Connecting your money and meaning is an ongoing process. Learn more about when and how often to sync up your life and money.
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Hey, humans! I’m Michael Liersch. This is the About Money podcast, presented by Wells Fargo. I’m a behavioral scientist with a PhD in cognitive psychology who loves openly discussing money to help humans better understand their money behaviors. By understanding our money behaviors, we all have the opportunity to make better money decisions.
In this season, we’re going to talk about how we can all sync up our life and our money. We call it LifeSyncSM. You might be asking yourself, why does LifeSync matter? Well, when we align what we want to accomplish in life with our money, it can clarify whether money is truly working hard for us to get us to where we want to go. But that requires us to be intentional about what we want in our life, the jobs we want money to do for us, and compare it with how our money’s organized both now and in the future. To that end, we’re going to keep each episode under 10 minutes so that you can take immediate action to LifeSync. So let’s get into it.
In this episode, we’re going to answer the question: “How often should I LifeSync?” In other words, how often should I formally connect money and meaning? And I’m going to tell you, this is a bit of a trick question because it really is not about how often should I formally connect money in meaning? It’s really about this idea of living your money and meaning, and what I mean by that is, we really should be as intentional as possible on a moment-to-moment basis about our money because each penny, each dollar, it matters. And if you take on that perspective, that money has real meaning to you and to others and it can really provide extraordinary outcomes and benefits, it just creates a different energy to how you live your life. It’s about you really feeling connected each and every moment when you use your money to get to where you want to go, whether it feels good or whether you feel like you have the opportunity to make an incrementally better money decision.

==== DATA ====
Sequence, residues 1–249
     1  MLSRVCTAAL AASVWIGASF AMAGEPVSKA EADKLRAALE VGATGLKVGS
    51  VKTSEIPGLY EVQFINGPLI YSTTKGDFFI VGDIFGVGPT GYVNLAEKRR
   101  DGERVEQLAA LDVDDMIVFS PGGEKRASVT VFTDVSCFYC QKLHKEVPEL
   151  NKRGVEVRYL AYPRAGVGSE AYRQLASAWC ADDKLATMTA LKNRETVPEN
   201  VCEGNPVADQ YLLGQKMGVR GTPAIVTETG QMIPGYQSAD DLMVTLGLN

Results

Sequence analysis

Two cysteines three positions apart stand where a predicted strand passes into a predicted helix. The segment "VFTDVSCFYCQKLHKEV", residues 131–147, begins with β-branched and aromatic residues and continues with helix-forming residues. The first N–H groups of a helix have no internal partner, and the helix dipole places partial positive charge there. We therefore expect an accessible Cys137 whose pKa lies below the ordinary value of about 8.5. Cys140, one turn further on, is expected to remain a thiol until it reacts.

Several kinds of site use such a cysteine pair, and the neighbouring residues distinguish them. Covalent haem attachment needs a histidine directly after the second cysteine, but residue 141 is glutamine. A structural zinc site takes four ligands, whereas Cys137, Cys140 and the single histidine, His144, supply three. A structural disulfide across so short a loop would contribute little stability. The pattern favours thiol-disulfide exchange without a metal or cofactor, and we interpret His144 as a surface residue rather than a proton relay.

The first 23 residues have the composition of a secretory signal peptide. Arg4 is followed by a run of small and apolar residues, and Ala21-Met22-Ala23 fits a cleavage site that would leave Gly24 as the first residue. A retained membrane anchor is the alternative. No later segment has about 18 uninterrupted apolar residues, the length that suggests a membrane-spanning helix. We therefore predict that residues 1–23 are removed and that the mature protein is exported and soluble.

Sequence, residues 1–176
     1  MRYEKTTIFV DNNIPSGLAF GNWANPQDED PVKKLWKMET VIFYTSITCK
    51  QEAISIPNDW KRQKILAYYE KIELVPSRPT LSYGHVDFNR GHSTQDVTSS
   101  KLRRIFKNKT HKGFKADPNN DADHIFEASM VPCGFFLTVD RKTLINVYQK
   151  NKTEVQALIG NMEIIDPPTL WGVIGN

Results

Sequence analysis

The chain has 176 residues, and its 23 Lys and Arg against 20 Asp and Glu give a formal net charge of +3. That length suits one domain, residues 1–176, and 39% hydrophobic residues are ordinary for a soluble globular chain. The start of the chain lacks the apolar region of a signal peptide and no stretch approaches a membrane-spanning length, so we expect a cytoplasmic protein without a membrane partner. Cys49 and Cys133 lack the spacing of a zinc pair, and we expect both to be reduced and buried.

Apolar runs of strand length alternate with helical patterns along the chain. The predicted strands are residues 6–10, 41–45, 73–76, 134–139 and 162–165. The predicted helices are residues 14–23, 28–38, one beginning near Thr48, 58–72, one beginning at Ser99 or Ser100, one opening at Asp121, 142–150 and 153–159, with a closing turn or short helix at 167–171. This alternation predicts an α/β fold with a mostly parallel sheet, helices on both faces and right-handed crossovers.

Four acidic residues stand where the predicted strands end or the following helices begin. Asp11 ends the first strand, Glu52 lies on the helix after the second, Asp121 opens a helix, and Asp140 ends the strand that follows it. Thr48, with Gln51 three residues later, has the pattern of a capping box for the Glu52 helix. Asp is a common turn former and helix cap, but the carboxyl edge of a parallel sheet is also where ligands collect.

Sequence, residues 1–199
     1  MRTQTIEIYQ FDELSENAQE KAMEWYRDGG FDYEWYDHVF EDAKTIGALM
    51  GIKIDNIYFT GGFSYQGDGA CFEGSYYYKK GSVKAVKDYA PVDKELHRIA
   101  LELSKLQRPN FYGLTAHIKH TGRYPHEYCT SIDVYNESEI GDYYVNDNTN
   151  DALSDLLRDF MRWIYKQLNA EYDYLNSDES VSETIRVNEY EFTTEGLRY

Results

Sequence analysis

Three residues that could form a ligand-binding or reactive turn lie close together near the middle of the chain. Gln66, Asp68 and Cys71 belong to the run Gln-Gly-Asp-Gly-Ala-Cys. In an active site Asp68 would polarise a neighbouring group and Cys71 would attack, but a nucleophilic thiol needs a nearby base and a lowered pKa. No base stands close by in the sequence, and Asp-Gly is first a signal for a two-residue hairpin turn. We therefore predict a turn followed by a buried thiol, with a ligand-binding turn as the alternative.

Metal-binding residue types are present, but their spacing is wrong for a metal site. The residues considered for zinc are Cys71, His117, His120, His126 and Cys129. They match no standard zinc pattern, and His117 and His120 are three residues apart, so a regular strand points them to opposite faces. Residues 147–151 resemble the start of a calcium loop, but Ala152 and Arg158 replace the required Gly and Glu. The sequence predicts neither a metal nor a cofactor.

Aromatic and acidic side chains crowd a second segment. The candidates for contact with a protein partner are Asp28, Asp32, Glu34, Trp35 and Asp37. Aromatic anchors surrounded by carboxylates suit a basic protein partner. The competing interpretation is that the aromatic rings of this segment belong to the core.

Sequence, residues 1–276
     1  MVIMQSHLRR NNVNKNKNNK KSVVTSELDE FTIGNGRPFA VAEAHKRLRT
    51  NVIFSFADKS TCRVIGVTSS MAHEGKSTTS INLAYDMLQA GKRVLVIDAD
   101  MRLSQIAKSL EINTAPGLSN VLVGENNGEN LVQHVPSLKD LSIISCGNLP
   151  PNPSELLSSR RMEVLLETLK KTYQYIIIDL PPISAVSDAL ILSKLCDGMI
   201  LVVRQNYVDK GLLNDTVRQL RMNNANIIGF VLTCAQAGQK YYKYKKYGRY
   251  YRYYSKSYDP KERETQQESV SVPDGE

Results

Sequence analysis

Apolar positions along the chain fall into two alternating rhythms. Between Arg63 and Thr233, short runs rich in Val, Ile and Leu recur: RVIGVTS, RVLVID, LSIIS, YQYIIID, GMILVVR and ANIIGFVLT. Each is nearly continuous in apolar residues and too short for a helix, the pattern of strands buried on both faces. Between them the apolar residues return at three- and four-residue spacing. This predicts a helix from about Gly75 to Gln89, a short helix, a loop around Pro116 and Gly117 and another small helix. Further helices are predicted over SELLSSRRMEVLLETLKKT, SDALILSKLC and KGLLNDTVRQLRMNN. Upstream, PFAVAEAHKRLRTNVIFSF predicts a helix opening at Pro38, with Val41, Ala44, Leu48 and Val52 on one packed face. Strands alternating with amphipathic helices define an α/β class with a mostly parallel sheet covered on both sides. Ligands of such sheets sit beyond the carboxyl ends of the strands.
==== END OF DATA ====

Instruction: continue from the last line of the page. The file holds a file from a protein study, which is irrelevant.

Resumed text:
So I am going to break it down for you with that in mind. So, on a daily basis, I’ve already alluded to this, really focus on getting up in the morning and living your values when it comes to your money. And I’m going to keep this part pretty simple. Give yourself some grace and empathy. Use what I like to call the 80/20 rule: You can, generally speaking, be super intentional and do a great job 80% of the time, and 20% of the time, just give yourself some grace that it’s probably not going to go as well as you’d hoped, and that’s OK. As long as you’re using this 80/20 rule, or the majority of the time you’re doing your best, that’s amazing, and you should really celebrate that, but try on a daily basis as best you can to make the most of your money and connect it to what’s most important to you.
On a monthly basis, I really encourage you to be reflective of your money behaviors, and what I mean by be reflective is on a monthly basis, look at your online transactions. Look at those paper statements you get. Really open them up, especially when it comes to your spending patterns. Are you spending your money — is your money being used in a way that makes you and your family feel awesome, you feel empowered, you know, you’re getting done what you know you have to get done, even if it’s not fun, you know, the money is going toward the things that matter most, look at those transactions. Look at those statements. Look at what you’re doing with your money. Make it a habit and make sure that you do it every month because if you wait, and a lot of people like to, you know, let those things pile up, it does become overwhelming.